The Ethnic Crops Program is growing and selling dozens of crops popular among many ethnic groups to markets across the state and has added chipilín, a leafy green loved by Latinos. Frank Mangan, director of the ethnic crops initiative at UMass Amherst’s Stockbridge School of Agriculture, says farms in Methuen, Dracut, Lancaster and Amesbury shipped 2,000 pounds of chipilín in recent weeks to the Boston area, where the fresh, locally grown greens are snapped up by people hungry for familiar vegetables and produce.
News from the Media
Boston Globe Magazine story: "Carolyn DeMoranville, the second-generation director of the UMass Cranberry Station in East Wareham, has spent a lifetime studying the little red fruit.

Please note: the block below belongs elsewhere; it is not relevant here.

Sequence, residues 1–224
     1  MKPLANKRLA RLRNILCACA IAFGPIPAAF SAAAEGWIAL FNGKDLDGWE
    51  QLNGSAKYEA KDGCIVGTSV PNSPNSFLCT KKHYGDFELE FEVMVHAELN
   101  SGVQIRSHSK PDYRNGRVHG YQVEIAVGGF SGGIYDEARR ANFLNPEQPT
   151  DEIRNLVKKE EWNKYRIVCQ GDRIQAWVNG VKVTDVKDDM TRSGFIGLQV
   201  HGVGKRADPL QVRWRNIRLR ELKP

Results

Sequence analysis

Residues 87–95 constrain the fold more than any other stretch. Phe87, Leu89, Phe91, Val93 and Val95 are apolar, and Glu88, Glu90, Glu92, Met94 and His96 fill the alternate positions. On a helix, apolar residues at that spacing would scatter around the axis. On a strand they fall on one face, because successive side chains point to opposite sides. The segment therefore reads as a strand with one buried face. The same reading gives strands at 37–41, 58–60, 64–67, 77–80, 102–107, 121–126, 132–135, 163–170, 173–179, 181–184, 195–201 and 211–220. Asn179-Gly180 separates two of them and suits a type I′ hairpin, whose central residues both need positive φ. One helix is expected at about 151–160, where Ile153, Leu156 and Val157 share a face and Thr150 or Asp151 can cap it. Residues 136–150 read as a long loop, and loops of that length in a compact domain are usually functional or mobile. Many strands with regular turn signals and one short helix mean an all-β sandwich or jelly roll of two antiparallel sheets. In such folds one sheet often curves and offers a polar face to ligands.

Nutritionally, cranberries are really good for you, but in the sense of what I’ve done in my career with them, we’re looking at the nutritional requirements of the plant, what’s needed for it to grow and thrive and produce a crop. I spend most of my time here thinking about what will make the cranberry industry more sustainable. Specifically, I look at water and nutrient use and how those two interact."
D. Julian McClements, UMass Amherst food scientist, comments in a story about why cutting the fat content in foods sometimes doesn’t work because consumers say it tastes different and doesn’t make them feel full.